DC Refined: Everything you need to know about #MeatlessMondays

From DC Refined by Lani Furbank:

“There’s nothing new under the sun, and Meatless Mondays are no exception. What may seem like a new trend actually dates back all the way to World War I. In order to aid the war effort, families were urged to reduce their consumption of important staples like meat, wheat, sugar, and fats. More than 13 million families signed a pledge to take part in these conservation efforts. The campaign was instituted again during World War II.

Meatless Monday as we know it today was revived in 2003 thanks to the Johns Hopkins Bloomberg School of Public Health’s Center for a Livable Future. It’s now a public health campaign that encourages Americans to reduce their meat consumption to lower their risk of preventable conditions like cancer, heart disease, diabetes, and obesity.

A study by the National Cancer Institute found that people who ate significant amounts of red meat daily were 30 percent more likely to die during a 10-year period than those who ate very little. The Mayo Clinic reports that vegetarians generally weigh less and have a lower risk of heart disease than those who eat meat.

There are also environmental benefits to reducing meat consumption. Meat has a high carbon footprint because it is energy intensive to produce. An average meat eater’s 2,000 Calorie diet results in twice as many greenhouse gas emissions as an average vegan’s 2,000 Calorie diet. Therefore, reducing meat consumption is one of the most efficient ways to reduce your carbon footprint. Eating less meat is also easier on the wallet when you hit the grocery store.

If you’re considering joining the Meatless Monday movement, not to worry – skipping meat doesn’t mean sacrificing flavor or protein. Chef Todd Gray of Equinox and Chef Doron Petersan of Sticky Fingers and Fare Well are two of the city’s most respected authorities on cooking without meat, and they shared their expertise with us.

Why do you personally choose to avoid meat?

Todd Gray: I still eat meat, but less than I used to. My wife, Ellen, was a big influence on me. She hasn’t eaten meat in 22 years.

Doron Petersan: Avoiding animal products keeps me from adding to the harm being done to the environment and to each animal. I can make a difference at every meal by choosing to eat “without harm.” Selfishly, I also enjoy gloating after my yearly physicals. It’s the only report card I’ve ever received with all As. I put my body through the ringer running two restaurants (while keeping up with my five-year-old). My doctor credits my vegan diet for helping me keep up with my lifestyle.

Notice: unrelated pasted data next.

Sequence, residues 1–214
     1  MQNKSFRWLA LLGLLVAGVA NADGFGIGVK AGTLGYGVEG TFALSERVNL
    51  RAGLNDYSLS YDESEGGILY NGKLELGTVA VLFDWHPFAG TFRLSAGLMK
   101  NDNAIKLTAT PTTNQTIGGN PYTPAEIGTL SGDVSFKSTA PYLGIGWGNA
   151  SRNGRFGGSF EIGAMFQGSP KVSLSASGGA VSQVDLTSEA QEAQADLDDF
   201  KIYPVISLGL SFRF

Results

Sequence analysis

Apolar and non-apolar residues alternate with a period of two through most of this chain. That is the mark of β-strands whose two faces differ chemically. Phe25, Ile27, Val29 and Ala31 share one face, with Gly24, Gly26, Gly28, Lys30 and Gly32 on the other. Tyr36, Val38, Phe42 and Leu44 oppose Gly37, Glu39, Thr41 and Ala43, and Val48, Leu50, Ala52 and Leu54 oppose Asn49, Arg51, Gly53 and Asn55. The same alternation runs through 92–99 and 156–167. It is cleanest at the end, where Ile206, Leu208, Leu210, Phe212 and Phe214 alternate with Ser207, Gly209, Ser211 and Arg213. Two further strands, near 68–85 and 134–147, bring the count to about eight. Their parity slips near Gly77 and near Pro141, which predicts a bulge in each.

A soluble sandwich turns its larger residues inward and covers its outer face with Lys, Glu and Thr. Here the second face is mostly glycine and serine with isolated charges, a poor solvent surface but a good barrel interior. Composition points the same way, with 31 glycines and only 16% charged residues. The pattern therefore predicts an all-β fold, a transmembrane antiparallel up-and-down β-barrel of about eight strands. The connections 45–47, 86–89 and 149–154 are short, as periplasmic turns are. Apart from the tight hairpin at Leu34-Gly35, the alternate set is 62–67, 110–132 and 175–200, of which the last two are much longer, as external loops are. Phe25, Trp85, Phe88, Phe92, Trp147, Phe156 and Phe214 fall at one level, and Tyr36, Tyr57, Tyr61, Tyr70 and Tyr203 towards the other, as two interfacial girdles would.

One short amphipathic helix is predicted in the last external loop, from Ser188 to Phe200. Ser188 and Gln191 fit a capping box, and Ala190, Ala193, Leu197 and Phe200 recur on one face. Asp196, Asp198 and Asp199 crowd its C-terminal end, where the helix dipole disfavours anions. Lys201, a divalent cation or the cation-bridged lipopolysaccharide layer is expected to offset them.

How can vegetarians and vegans get enough protein?

DP: Nuts, peas, leafy greens, broccoli, legumes, and tempeh all pack more than enough complete proteins, and provide added benefits like soluble fiber, b-vitamins, antioxidants, and unsaturated fats.

For people who are hardcore carnivores, what are some of the best ways to find satisfaction and umami without meat?

DP: My magic ingredients often include garlic, onion, porcini powder, and powdered sun-dried tomatoes. I make bases for most dishes with some combination of the above, and then layer vegetables that pick up flavors or complement them, such as cauliflower, mushroom, quinoa, or cannellini beans.

How do you ensure that meat-free dishes are just as delicious and flavorful as meat dishes?

TG: Chefs who consume meat understand the depth of flavor that animal protein can provide, so they can recreate those textures and flavors. I use good, concentrated vegetable stock, miso, lots of rich spices and seasonings (like fresh turmeric root), seaweed, potato and tapioca starch to emulate eggs, nuts and nut milk or cream, flax seed, and nutritional yeast. Also, bananas are great for baking — they add sweetness and viscosity.

DP: Think of all the things you enjoy eating and why. Oftentimes the enjoyment is much more about the seasonings and sauces rather than just the meat.

What are some of the best meat substitutes that don’t sacrifice flavor?

TG: Mushrooms are very hearty texture-wise. I like to reconstitute dried morel mushrooms. A lot of the ancient grains, like bulgur, couscous, and farro. Beans are also very versatile and hearty.

DP: My favorite brand of meat substitute is Field Roast. They never disappoint.”

Read the rest of the article and check out the recipes here!

Featured photo courtesy of Equinox.